U.S. Thanksgiving Day guest poem sent in by Vidur
(Poem #1119) The Pumpkin
Oh, greenly and fair in the lands of the sun, The vines of the gourd and the rich melon run, And the rock and the tree and the cottage enfold, With broad leaves all greenness and blossoms all gold, Like that which o'er Nineveh's prophet once grew, While he waited to know that his warning was true, And longed for the storm-cloud, and listened in vain For the rush of the whirlwind and red fire-rain. On the banks of the Xenil the dark Spanish maiden Comes up with the fruit of the tangled vine laden; And the Creole of Cuba laughs out to behold Through orange-leaves shining the broad spheres of gold; Yet with dearer delight from his home in the North, On the fields of his harvest the Yankee looks forth, Where crook-necks are coiling and yellow fruit shines, And the sun of September melts down on his vines. Ah! on Thanksgiving day, when from East and from West, >From North and from South come the pilgrim and guest, When the gray-haired New Englander sees round his board The old broken links of affection restored, When the care-wearied man seeks his mother once more, And the worn matron smiles where the girl smiled before, What moistens the lip and what brightens the eye? What calls back the past, like the rich Pumpkin pie? Oh, fruit loved of boyhood! the old days recalling, When wood-grapes were purpling and brown nuts were falling! When wild, ugly faces we carved in its skin, Glaring out through the dark with a candle within! When we laughed round the corn-heap, with hearts all in tune, Our chair a broad pumpkin,--our lantern the moon, Telling tales of the fairy who travelled like steam, In a pumpkin-shell coach, with two rats for her team! Then thanks for thy present! none sweeter or better E'er smoked from an oven or circled a platter! Fairer hands never wrought at a pastry more fine, Brighter eyes never watched o'er its baking, than thine! And the prayer, which my mouth is too full to express, Swells my heart that thy shadow may never be less, That the days of thy lot may be lengthened below, And the fame of thy worth like a pumpkin-vine grow, And thy life be as sweet, and its last sunset sky Golden-tinted and fair as thy own pumpkin pie!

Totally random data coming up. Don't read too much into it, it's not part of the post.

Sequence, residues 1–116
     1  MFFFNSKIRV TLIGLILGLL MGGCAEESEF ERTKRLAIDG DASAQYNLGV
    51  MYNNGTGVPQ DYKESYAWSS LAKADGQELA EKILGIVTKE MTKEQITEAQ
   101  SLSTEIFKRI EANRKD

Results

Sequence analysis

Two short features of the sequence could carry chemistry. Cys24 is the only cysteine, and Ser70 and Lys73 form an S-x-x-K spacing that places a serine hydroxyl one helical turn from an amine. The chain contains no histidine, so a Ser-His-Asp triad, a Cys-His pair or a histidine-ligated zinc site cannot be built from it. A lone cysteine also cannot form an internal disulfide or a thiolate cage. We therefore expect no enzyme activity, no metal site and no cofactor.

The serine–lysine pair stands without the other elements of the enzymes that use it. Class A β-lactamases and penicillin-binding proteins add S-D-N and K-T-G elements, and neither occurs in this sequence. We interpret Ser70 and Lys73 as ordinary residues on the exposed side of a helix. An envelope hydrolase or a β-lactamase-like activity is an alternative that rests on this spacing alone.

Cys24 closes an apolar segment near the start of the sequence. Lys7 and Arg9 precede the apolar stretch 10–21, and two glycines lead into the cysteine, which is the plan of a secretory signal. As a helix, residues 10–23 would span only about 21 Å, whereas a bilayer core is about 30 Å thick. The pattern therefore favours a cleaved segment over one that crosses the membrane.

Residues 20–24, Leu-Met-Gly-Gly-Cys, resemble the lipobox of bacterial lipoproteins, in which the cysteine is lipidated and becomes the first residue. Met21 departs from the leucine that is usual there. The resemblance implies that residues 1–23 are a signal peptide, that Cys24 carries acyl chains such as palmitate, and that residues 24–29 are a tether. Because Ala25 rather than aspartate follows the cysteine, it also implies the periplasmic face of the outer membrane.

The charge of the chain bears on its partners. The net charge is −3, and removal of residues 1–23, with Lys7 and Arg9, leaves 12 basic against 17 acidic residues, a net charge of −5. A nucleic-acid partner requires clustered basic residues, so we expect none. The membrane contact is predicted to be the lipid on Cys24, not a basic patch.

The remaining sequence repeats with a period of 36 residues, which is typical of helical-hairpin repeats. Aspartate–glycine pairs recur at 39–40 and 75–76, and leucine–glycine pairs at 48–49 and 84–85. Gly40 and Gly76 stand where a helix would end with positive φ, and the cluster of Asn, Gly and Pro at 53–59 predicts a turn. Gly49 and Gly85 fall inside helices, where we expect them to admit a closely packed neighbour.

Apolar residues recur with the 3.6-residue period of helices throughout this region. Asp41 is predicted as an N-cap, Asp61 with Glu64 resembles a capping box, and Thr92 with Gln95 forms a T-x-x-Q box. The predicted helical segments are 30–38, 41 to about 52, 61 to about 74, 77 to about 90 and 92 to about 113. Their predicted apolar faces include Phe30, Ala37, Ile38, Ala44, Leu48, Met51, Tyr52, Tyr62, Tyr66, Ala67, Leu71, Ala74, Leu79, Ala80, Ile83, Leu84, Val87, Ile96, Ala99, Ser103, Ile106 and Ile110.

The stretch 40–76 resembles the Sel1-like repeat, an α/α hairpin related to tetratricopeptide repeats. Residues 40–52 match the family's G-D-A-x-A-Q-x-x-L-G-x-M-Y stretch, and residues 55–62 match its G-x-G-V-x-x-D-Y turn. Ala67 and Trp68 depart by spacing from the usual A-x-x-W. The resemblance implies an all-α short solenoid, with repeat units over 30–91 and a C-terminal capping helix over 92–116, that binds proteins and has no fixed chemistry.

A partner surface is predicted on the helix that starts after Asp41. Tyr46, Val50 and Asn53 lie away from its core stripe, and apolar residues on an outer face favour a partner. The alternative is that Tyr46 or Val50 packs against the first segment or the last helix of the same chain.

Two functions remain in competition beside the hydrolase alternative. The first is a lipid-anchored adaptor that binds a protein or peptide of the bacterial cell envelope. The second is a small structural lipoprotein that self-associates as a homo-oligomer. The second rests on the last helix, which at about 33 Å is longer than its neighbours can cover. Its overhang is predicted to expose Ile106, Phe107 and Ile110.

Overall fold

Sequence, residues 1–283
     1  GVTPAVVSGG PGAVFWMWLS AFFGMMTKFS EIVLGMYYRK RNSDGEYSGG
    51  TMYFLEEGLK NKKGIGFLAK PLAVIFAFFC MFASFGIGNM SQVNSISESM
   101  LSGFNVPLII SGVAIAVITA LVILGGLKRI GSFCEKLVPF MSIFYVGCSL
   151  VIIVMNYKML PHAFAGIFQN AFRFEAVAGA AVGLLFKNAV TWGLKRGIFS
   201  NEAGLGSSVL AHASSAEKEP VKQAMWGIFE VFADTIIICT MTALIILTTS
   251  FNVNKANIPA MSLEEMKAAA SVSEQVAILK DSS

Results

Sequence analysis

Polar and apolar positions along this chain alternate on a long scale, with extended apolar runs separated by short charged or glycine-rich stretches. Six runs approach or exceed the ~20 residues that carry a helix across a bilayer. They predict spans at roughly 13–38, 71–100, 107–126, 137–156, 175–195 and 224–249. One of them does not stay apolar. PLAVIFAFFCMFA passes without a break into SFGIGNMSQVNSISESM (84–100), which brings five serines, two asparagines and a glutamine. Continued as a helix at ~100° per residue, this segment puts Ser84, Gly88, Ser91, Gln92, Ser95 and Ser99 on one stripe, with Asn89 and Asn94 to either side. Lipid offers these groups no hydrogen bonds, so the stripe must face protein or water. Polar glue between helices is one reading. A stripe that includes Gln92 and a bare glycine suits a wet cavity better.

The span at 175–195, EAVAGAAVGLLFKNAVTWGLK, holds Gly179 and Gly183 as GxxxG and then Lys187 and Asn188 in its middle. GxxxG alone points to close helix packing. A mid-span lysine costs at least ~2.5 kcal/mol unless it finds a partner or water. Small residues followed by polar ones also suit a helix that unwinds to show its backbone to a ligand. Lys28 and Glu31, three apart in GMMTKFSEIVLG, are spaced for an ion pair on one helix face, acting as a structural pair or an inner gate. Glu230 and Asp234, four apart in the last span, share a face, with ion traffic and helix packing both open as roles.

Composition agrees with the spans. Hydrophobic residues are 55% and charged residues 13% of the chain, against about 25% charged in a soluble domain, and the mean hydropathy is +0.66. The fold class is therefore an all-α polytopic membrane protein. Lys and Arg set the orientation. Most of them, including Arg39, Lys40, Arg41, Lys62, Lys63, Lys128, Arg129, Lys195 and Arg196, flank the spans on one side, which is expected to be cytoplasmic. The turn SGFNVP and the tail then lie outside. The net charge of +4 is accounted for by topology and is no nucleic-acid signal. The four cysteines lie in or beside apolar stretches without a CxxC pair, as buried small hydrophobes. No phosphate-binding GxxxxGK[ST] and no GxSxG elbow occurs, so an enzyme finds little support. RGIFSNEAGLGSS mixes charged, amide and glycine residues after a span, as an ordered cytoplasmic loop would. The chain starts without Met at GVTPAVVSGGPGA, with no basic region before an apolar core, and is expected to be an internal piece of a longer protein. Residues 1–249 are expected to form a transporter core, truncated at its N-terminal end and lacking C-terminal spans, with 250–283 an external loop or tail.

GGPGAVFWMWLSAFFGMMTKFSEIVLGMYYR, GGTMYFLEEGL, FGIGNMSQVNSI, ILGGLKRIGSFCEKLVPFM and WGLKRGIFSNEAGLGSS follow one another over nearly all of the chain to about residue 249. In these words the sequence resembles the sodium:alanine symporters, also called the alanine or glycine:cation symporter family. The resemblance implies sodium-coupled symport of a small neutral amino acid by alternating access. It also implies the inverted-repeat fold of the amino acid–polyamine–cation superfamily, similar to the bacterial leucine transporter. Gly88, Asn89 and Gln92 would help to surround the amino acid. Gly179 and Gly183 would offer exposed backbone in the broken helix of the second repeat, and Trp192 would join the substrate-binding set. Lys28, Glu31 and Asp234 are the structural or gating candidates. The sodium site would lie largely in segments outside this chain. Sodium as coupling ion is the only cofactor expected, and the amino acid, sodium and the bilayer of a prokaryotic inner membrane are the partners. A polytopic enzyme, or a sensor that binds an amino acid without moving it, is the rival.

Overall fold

thanksgiving is here. quite a big deal for those of us in the united states. what i love about this holiday, even more than having a 4-day weekend, even more than getting together with friends and family, is pumpkin pie! no, really. i mean, why bother with the almost-tasteless turkey and mashed potatoes. why not just go straight to the pie?! in fact, i think pumpkin pie is the best thing to come out of america. seriously. i thought long and hard, and couldn't come up with any other truly american thing that's even close. pumpkin cheesecake, maybe. but that still comes second. so here's a poem that is an ode to *the* pie, written by a 19th century american poet, john greenleaf whittier. (well, it's obviously much more than an ode, but it works well as one). i rather like the way the poem traces the life of a pumpkin from the vine to the oven, touching upon universal themes of childhood, love and family. "and the prayer, which my mouth is too full to express, swells my heart that thy shadow may never be less" amen. V-